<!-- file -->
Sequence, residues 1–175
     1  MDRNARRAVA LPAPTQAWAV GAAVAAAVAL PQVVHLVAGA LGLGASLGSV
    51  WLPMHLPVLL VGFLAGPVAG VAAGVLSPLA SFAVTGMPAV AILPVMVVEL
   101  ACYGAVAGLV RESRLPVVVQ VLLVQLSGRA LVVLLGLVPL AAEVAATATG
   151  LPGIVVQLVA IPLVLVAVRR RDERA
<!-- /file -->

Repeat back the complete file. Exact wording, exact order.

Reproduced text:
Sequence, residues 1–175
     1  MDRNARRAVA LPAPTQAWAV GAAVAAAVAL PQVVHLVAGA LGLGASLGSV
    51  WLPMHLPVLL VGFLAGPVAG VAAGVLSPLA SFAVTGMPAV AILPVMVVEL
   101  ACYGAVAGLV RESRLPVVVQ VLLVQLSGRA LVVLLGLVPL AAEVAATATG
   151  LPGIVVQLVA IPLVLVAVRR RDERA